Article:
Canadian Wine Insider – June 2021

News and New Releases on Canada’s 154th Birthday

By David Lawrason

Canada was making wine when it became a nation in 1867 but it is a little unclear whether our first winery – Vin Villa on Pelee Island – was an American or Canadian winery depending on when it opened in 1866, 1867 or 1868. I have seen all three dates referenced. Pelee Island sits in the middle of Lake Erie virtually on the US border, and Americans from Sandusky, Ohio were growing vines here and on other islands in the archipelago. It doesn’t really matter but it is being claimed as Canadian by Canada, so let’s allow this shall we, without a 14-day fact checking quarantine.

The photo below is of a Vin Villa replica painstakingly built in miniature and standing to this day at an otherwise empty crossroads in the centre of Pelee Island, Canada’s most southerly land holding.  The original winery burned out in the 60s though its overgrown stone shell remains. I think the Canadian industry should pool resources to make something more out of this site.

Replica of Vin Villa, Canada's First Winery on Pelee Island
Replica of Vin Villa, Canada’s First Winery on Pelee Island

But only after pooling all its resources to get Ontario, Quebec and Alberta to drop their opposition to inter-provincial shipping of Canadian wine between provinces. Dan Paskowksi, head of Winegrowers of Canada recently tweeted:

“June 28th will mark nine years since Dan Albas’ Bill C-311 removed federal barriers to the transport of wine across provincial borders. (Some) Provinces still do not allow wine 🇨🇦🍷 to be shipped to your home from a winery in another 🇨🇦 province! @fordnation @jkenney @francoislegault”.

So that’s how this Canada Day edition of the Canadian Wine Insider is going to go. A bit of a newsy ramble based on the past, upcoming events and summery new releases.


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Departures

Staying with the idea that history informs, there are recent departures of three men who have had great impact on Canada’s industry.  Two are retirements, one is a sad loss to ALS.  

Adrian Baker was not widely known in Canada, but he came with his family to the Okanagan’s Lake Country in 2011 from top notch Craggy Range in New Zealand to head up one of most ambitious vineyard and winery developments Canada has ever seen at O’Rourke Peak Cellars. He passed away in May. I got to know him better than most winemakers through personal connections in Kelowna and so admired his passion, intelligence and generosity.  The O’Rourke project, which includes massive cave tunnelling, is still not complete, but will stand among Canada’s great wine endeavours, and Adrian will stand in my memory as one of those many gentle New Zealanders who so believe in Canada and have furthered our wine. One day I will write a complete piece on them, and it will shock you how much of Canada’s best wine has been made at the hands of our flipside compatriots from the South Pacific.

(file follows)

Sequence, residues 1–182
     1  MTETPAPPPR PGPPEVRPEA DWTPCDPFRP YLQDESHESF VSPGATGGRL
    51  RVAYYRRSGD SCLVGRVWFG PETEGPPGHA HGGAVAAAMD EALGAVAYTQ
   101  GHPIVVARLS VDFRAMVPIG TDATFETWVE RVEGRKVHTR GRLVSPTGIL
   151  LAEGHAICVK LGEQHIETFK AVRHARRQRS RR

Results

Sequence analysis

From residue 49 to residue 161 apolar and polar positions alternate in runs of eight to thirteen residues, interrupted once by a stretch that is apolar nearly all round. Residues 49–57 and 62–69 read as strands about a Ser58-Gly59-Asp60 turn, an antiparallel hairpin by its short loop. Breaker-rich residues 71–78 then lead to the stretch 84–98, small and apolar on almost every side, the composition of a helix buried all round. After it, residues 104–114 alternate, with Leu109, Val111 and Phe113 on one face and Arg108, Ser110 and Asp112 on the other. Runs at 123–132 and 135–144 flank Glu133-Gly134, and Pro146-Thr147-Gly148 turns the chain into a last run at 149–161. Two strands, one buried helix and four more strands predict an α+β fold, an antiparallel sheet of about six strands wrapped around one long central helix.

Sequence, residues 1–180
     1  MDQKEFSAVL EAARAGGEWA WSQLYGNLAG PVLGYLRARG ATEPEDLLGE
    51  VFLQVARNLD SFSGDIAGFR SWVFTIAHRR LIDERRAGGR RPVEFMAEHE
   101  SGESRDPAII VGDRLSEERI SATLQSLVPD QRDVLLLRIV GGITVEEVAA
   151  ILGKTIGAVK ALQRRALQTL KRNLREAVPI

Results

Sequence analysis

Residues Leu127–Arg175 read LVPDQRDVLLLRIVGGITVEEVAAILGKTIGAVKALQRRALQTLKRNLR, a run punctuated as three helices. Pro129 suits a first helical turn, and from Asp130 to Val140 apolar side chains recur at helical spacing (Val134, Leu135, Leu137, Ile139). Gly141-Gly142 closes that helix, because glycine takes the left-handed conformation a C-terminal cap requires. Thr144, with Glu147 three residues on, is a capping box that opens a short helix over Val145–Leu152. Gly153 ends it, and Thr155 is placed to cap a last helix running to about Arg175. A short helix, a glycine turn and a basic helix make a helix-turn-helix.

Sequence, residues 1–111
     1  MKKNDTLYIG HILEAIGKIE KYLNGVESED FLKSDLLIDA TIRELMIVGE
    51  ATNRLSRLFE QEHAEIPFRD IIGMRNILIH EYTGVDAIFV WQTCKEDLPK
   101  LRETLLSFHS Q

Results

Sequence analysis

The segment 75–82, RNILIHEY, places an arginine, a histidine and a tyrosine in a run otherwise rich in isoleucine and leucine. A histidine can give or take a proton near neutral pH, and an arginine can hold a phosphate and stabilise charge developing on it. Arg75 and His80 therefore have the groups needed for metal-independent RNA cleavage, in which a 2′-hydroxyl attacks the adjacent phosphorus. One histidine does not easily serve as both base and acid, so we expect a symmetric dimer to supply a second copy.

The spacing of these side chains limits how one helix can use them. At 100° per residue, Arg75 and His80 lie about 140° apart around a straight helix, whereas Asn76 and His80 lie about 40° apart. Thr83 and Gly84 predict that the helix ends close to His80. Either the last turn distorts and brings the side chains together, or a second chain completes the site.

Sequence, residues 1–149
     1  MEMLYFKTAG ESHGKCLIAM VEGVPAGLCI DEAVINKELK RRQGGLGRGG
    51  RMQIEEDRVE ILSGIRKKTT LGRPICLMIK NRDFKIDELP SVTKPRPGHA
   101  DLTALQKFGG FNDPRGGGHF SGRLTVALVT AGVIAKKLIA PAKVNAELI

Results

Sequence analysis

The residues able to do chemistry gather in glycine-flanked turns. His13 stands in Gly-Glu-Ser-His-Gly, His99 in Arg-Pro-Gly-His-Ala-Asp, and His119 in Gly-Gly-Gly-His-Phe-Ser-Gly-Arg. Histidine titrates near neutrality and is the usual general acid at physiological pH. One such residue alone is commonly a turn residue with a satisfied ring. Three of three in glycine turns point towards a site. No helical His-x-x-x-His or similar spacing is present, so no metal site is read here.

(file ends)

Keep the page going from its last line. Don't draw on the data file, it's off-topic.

The two retirements are happier stories. One is David Sheppard, who has made wine in Niagara for 40 years. He was a protégé of Karl Kaiser at Inniskillin and was key in his post there as Inniskillin went through its formative years. He was involved in some of the very first pinots and chardonnays, in particular, that were made in Ontario. He left at one point to help launch Coyote’s Run that burst onto the scene in St. Davids Bench with, again, some exciting, totally terroir driven Left Paw and Right Paw chardonnays and pinots based on an abrupt soil seam that dissected the vineyard. The next stop was Flat Rock Cellars, which again focuses on estate chardonnay and pinot. On June 18 he was the recipient of the 2021 Ontario Wine Awards Winemaker of the Year Award presented by colleague Tony Aspler, at a distanced ceremony at Flat Rock Cellars. Thank you, David.

On the same day senior winemaker Randy Picton of Nk’Mip Cellars in Osoyoos announced his retirement after 19 years, handing off to Justin Hall who has had the official title of Winemaker since 2017. Nk’Mip is a partnership between Arterra Wines, Canada’s largest wine company, and the Osoyoos Indian Band, of which Justin Hall is a citizen.  At a political level Nk’Mip is long been hailed as one of the great indigenous business success stories in Canada. At a wine level I would say the same. I tasted with Randy and Justin last September and completely understand why this winery continues to rack up awards from its home within the Spirit Ridge resort complex. The wines are bright, generous and accurate to their grape and region.

Coming Up in July

From looking back to looking ahead there are two items of note in the works in July.

In B.C., to seguay from Nk’Mip, one is the opening of the District Wine Village on Osoyoos Band land in the shadow of the famed MacIntyre Bluff just north of Oliver, B.C. Based on a community tasting area concept now underway in California and elsewhere, sixteen pavilions featuring wineries and other local artisan producers are circled around a central performance area. Some of the pavilions actually have tank and barrel production facilities. It has ‘softly’ opened but some construction continues. Nk’Mip Cellars is one of the featured wineries, opening on July 15. At this point I have not seen a list of the other residents on-line but you can follow here.